New Jersey's 24th Legislative District

Senator Steven Oroho

Senator Steve Oroho

Oroho Calls for Budget Committee to Take Public Testimony on Murphy’s 2021 Spending Plan

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Senate Republican Budget Officer Steven Oroho is calling for at least one Senate Budget Committee meeting that is open for public testimony on the FY 2021 budget.

Senator Oroho, the Senate Republic Budget Officer, is calling for the addition of at least one hearing to allow the public to comment on the Fiscal Year 2021 budget to the Senate Budget and Appropriations Committee. (

In a letter to Senate Paul Sarlo, chairman of the Senate Budget and Appropriations Committee, Oroho said he was disappointed by “the lack of even one opportunity for the public to share their concerns in person or via a Zoom meeting with the full Senate Budget Committee.”

The full text of the letter is below:

Dear Senator Sarlo:

I am encouraging you to schedule at least one meeting of the Senate Budget Committee to take public testimony about the 2021 budget.

This budget process is one of the least transparent and inclusive in history.  The Governor is not sharing a full budget.  Most commissioners are not appearing before the Senate Budget Committee to present their budgets and answer tough questions.  The Office of Legislative Services is not preparing department-by-department analysis or producing written questions of departments with the departments’ written answers.

Having worked in public financial reporting for a number of years, and having worked with you for years on the SBA and other committees, I know we both are acutely aware of the increased disclosure requirements the business community has to the public as required by the likes of the Securities and Exchange Commission and other regulatory agencies, including New Jersey’s own Department of Banking and Insurance.  Allowing this Administration to get away with such a lack of disclosure on such a large budget will be negligent on the part of our co-equal branch of government.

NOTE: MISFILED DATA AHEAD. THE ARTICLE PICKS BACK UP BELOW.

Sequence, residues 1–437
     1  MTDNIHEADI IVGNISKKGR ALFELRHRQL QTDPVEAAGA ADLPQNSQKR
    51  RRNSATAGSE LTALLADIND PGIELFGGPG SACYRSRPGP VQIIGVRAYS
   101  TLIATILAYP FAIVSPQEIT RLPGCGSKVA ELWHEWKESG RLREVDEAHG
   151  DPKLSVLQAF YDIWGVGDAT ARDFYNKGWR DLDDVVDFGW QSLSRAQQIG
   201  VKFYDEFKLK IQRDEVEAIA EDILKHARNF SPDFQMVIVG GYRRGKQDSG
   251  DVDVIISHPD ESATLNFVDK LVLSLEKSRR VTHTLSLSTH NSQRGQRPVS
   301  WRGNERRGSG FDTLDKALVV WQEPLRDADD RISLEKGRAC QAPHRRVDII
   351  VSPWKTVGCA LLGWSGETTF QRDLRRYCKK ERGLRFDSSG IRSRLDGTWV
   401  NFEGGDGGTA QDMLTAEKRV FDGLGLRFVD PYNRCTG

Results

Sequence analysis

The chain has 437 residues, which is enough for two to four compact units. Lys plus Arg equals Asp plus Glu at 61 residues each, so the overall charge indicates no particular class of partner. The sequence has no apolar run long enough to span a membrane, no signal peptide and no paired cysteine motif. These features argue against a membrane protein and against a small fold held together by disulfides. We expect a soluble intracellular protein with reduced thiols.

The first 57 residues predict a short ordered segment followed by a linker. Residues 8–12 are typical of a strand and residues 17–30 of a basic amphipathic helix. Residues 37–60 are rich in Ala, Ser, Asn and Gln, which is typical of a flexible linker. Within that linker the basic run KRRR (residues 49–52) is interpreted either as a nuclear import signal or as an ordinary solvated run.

But the biggest disappointment for me and many of my colleagues is the lack of even one opportunity for the public to share their concerns in person or via a Zoom meeting with the full Senate Budget Committee.

Over the years, testimony before the budget committee has been some of the most impactful I have ever heard.  Courageous young people and adults with severe disabilities have explained their unique challenges and made respectful and thoughtful requests for support.  Battered women have explained their trauma and explained important services that protect and help them.  Small business owners and people being priced out of New Jersey have had the opportunity to explain their concerns about excessive or destructive levels of taxation.  Local schools have shared examples of the unfairness of a woefully deficient funding formula.

I know we all individually meet with concerned residents and I will be doing so throughout the budget process.  But a public budget meeting is about more than good people having an opportunity to talk to us – and for us to hear from them.  It is about their ability to do so in a public setting where the press can hear their concerns as well and share their concerns with the broader public.

Most the problems with this budget process fall squarely on the shoulders of a Governor who has abused a six month extension (from February to August). The extension was afforded to him in a bipartisan spirit of accommodation.  Despite being given the only such extension in the entire country, when the deadline arrived, he produced only a summary budget proposal without important detail or the sort of supporting material to explain it.  Frankly, the Governor is disrespecting taxpayers, those who rely on important funding in the budget, and everyone involved in the budget process.

We can help make the best of a bad situation by giving folks at least one opportunity to testify in a public setting — even if by Zoom.  Not everyone agrees on what everyone has to say, but we can all agree that we should hear each other out, and that the public and press should be able to bear witness that the public has been heard.

Thank you for your attention to this request.


Senator Steven V. Oroho
Budget Officer

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